PREPARATIONS are underway to commemorate the 200th anniversary of the death of Saint Lucian hero, Jean Baptiste Bideau, who played a crucial role in Venezuela’s Independence.
Among his many accolades, Bideau is credited with saving Venezuela’s liberator, Simon Bolivar’s life on the beaches of Ocumare de la Costa in Venezuela on July 14, 1816. Two busts of both men are featured in a small park in Saint Lucia between the National Printing Corporation and Parliament building called Place Bideau.
Venezuela’s Ambassador to Saint Lucia, LeiffEscalona, told The VOICE that the activities will run from April 4 to 7 in Saint Lucia and Venezuela as part of “Bideau Week”.
Activities leading up to the grand affair in April include the Bideau book train held last week involving Escalona visiting primary and secondary schools in Castries to present them with copies of a book based on Bideau, for which a book competition about his life will follow with prizes up for grabs.
During “Bideau Week”, a different historical film about Venezuela will be screened each day at various venues, including Constitution Park. Prior to that, the embassy plans to visit Desruisseaux, Micoud, Bideau’s birthplace, to present books to schoolchildren and screen films.
Escalona said Bideau’s spirit represented the bridge between both countries, adding that heroes from other Caribbean countries participated in Venezuela’s Independence struggle alongside Bolivar. The idea, she said, is to recognize Bideau’s participation and the unity that exists within the region.
“Venezuela’s ties with Saint Lucia go as far back as 1979 when Saint Lucia gained Independence on February 22. On September 14 that year, we established our first diplomatic relations here. In January, 1980, we opened our embassy here,” Escalona said.
The Venezuelan embassy, Escalona said, has been instrumental in Saint Lucia’s development for nearly four decades, including coordinating Spanish classes and offering scholarships to Saint Lucian students.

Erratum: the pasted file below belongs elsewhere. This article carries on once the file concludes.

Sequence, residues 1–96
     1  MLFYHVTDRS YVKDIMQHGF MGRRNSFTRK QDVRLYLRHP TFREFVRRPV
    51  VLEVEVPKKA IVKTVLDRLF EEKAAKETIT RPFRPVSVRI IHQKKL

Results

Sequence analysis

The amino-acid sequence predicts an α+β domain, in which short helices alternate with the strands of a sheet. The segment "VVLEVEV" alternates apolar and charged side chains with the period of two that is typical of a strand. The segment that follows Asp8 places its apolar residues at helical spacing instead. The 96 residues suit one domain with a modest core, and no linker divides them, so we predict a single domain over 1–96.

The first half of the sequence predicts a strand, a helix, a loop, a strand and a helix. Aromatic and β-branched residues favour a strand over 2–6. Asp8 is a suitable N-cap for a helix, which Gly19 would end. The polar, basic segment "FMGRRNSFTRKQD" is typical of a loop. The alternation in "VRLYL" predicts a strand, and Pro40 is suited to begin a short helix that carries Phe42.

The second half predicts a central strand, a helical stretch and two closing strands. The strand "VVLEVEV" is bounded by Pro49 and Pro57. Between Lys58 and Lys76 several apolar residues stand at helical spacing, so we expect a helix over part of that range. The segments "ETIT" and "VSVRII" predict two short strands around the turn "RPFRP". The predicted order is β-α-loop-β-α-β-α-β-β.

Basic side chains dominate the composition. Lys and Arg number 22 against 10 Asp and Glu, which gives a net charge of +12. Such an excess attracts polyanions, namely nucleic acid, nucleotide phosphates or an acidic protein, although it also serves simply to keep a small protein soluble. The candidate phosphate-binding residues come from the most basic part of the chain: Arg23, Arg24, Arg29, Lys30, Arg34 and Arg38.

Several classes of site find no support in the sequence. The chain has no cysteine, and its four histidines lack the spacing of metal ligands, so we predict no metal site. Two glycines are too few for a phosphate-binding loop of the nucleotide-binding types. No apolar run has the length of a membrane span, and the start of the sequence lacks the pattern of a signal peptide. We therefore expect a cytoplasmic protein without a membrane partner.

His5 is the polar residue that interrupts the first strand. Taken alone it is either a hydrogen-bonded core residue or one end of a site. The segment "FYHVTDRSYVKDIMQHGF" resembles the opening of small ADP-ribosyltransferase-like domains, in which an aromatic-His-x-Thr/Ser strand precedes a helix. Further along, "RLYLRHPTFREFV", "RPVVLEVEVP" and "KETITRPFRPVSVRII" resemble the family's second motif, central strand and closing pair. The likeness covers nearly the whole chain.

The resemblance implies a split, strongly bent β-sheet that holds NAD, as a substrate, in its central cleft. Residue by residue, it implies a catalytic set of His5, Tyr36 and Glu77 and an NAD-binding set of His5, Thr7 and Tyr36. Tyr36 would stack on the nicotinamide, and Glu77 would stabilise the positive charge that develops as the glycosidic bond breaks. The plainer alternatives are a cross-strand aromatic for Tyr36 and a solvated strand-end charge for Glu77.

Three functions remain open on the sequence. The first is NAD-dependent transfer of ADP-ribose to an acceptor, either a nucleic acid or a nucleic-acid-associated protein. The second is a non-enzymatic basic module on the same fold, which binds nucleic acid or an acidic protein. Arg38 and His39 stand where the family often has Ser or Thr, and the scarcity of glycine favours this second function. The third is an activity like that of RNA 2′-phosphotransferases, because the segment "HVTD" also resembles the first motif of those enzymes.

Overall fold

Escalona, who is also Dean of the diplomatic corps, led an expedition to Gros Piton Nature trail on March 4 in which twenty-six people, including herself and three other ambassadors — Argentine, Cuban and French — participated.
However, officials representing Spain, Mexico, Chile and Austria also participated with eighteen people completing the grueling hike to the top of the mountain, including Minister with responsibility for External Affairs, Sarah Flood-Beaubrun.
“As Dean of the diplomatic corps, we sometimes organize different activities around the time of Saint Lucia’s anniversary of Independence,” Escalona said. “We usually decide to visit a great place in Saint Lucia; this year, we decided to climb Gros Piton, which seemed a good idea to a lot of the ambassadors, honorary counsels and the Ministry of External Affairs to whom I sent invitations.”
Escalona has climbed Gros Piton three times, her first expedition being in 2013 when she was posted here and she said plans will be made to climb Mt. Gimie, Saint Lucia’s highest elevation, soon.
“It was a really good experience because it demonstrated solidarity, integration and the good relationship shared among the very active diplomatic corps. Sometimes we plan activities together while other activities are planned among selected embassies. Nevertheless, we always support any activity planned by any aspect of the diplomatic corps.”